I did find time, in the last couple of months, to devote to revisions. And just a couple of weeks ago I realized it was done. I was ready to share my story. At that point, I did not even realize how much God was in the timing of finishing this book. You see, our local Women's Resource Center is planning a fundraising event that my husband John was invited to participate in on March 14. It's called Hunks in Heels. I know it sounds kind of goofy, but local businessmen in our area will be putting on high heels to sell tickets and raise funds for victims and witnesses of domestic violence. These victims and witnesses include kids who see (mostly) their moms being abused.

I urged John to accept this invitation. He knows how important this cause is to me and why. I spent 27 years in an abusive marriage and was the victim of violent rage on many occasions, as well as almost continual emotional and verbal abuse. I have a soft spot for a lot of charitable organizations, but I relate most strongly and intimately with this one. I also convinced a good friend, Doug Lilly, to participate in this event as well. And he has no idea how much it means to me that he said yes. If he reads my book, he will understand why.

But back to God's timing...

It just so happens (and I do not believe in coincidence) that the timing of my book release (on healing from domestic abuse) and the planning of this event are coinciding. And today it occurred to me that I could use my book to help generate contributions by offering the book as a free gift to anyone who donated to the Women's Resource Center. My first thought was to make this offer to the first ten people who brought me a check for $25. And my next thought was, No...Extend this offer to everyone who wants to make a $25 donation. (God knows I don't care about the money. The only reason I let anyone pay me for the book is because I hate for John to take a loss on his investment in my writing. LOL.)

If all the time, effort and money I've spent can result in donations to an organization that helps other victims of abuse, that is even better than recovering our investment. It's an investment in lives and in the kingdom of heaven!

I love it when I see God's plan unfolding in my life. I have always believed John and I were brought to this area for a spiritual reason. Not just to sell Hondas. We have talked about it so many times. God brought us here to help advance His kingdom in this area. We didn't know what that would entail when we came. But I believe I'm seeing one of my God-ordained purposes here.

For every $25 donation to the Women's Resource Center I receive, I am giving away a book. I don't know how many donations this offer will result in. But I received my first $25 check tonight while having dinner at Bunkers. And I was so excited. More excited than if I had "sold" a book. Nothing would be more rewarding to me or make me happier than to give away boxes of books as a personal thank you for donations to this cause. And my sweet husband is completely on board.

Please help me help our local shelter. I hope I have so many people take me up on this offer that I have to spend hundreds of dollars printing books. If you are not local and have already sent me a check for a signed book, I intend to donate a portion of those proceeds as well after shipping costs.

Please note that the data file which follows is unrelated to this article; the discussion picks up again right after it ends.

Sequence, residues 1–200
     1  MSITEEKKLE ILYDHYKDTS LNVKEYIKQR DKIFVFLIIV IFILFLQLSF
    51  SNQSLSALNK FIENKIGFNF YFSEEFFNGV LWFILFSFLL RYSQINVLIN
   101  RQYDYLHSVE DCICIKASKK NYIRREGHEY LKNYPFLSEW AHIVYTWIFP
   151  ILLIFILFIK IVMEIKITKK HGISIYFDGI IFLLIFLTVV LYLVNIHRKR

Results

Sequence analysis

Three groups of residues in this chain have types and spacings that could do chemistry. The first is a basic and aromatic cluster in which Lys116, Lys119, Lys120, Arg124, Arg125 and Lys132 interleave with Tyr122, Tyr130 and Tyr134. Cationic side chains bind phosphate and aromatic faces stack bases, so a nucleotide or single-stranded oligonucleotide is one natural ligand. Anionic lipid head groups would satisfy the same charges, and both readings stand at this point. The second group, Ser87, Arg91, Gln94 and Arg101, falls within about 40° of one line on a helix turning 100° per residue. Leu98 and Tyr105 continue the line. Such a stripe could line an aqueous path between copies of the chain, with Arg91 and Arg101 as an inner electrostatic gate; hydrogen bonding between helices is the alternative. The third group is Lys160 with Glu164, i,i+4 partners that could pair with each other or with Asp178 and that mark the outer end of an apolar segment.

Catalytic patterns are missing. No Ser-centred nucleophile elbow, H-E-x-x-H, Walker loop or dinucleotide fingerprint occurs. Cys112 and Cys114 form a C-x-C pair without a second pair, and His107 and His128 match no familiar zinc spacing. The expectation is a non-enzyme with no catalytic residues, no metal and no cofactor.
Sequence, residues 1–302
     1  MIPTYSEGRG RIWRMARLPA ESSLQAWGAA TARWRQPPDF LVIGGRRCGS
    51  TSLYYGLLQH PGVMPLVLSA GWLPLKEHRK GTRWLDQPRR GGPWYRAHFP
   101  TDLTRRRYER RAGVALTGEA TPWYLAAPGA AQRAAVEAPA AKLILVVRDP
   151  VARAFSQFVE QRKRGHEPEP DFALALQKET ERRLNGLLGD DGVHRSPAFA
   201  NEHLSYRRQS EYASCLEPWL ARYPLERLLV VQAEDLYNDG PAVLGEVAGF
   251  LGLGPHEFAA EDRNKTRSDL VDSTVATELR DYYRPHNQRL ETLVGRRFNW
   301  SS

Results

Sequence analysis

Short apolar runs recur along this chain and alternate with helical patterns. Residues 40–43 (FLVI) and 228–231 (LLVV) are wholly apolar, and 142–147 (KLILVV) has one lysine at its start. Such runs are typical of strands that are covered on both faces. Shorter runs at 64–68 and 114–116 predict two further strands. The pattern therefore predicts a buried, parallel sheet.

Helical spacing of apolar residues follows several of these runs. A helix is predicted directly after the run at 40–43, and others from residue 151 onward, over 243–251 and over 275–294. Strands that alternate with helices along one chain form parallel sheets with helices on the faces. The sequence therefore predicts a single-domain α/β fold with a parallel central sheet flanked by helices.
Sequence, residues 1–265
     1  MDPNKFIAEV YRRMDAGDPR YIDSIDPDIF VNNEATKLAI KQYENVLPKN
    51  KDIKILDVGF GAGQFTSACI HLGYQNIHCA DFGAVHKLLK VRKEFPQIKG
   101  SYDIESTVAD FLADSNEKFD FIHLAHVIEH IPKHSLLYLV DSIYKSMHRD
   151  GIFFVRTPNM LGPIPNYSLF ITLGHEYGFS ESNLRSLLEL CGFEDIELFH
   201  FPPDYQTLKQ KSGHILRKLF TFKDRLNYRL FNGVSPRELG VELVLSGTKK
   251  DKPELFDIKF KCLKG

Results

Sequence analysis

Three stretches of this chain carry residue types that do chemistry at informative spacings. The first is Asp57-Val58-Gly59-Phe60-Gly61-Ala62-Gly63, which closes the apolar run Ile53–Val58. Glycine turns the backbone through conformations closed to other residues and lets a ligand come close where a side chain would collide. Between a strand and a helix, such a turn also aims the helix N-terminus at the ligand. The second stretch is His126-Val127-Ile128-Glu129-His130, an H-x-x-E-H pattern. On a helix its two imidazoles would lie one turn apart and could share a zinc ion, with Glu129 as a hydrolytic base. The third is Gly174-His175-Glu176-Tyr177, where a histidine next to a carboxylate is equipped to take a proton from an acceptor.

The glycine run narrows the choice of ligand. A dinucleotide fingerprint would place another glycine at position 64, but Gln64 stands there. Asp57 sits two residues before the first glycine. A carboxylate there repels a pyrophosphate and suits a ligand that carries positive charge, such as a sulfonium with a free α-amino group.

Please know that I appreciate every reader. The only way I could be disappointed in the book's release is if nobody even cared to read it. I hope that if you know me (and especially if you love me), you will want to read my story. Not just to understand my journey, but, more importantly, because I believe it could help you understand and help someone else.

I haven't blogged much since moving to West Virginia. I've been too busy and preoccupied with other things. I have almost forgotten that I have a blog. But tonight I couldn't wait to share my excitement with all of you.

*I had to come back and add this. I did go "in the black" on Breaking the Chains. I did not lose money. But once I went "in the black," I stopped letting anybody pay me for a book because I really liked giving them away. The only time I accepted payment was when a friend absolutely refused to let me give it to them for nothing. If I had accepted payment for every book that is out there, I would have made a little money on the endeavor. But it was never about money and it still isn't. I will always enjoy giving books away more than selling them. John feels a little differently, but I think that's because this writing thing is my mission; not necessarily his.

Wednesday, February 12, 2014

THROUGH MY EYES: Overcoming the Emotional Injury of an Abusive Relationship

It's done.

I have uploaded the Kindle file to Amazon and approved the physical proof copy. My book has been released and should be listed with online retailers soon. The Kindle book should be available for download by tonight. And I will post a link when the soft cover version is "live" on

As a self-published author, my book won't be on bookshelves. However, it can be ordered at any bookstore. It's available "print on demand" from Ingram/Lightning Source Publishing.

This has been quite a process. And now I'm looking forward to sharing another part of my journey with readers. I'm also looking forward to hearing from readers. Please don't hesitate to share your feedback with me.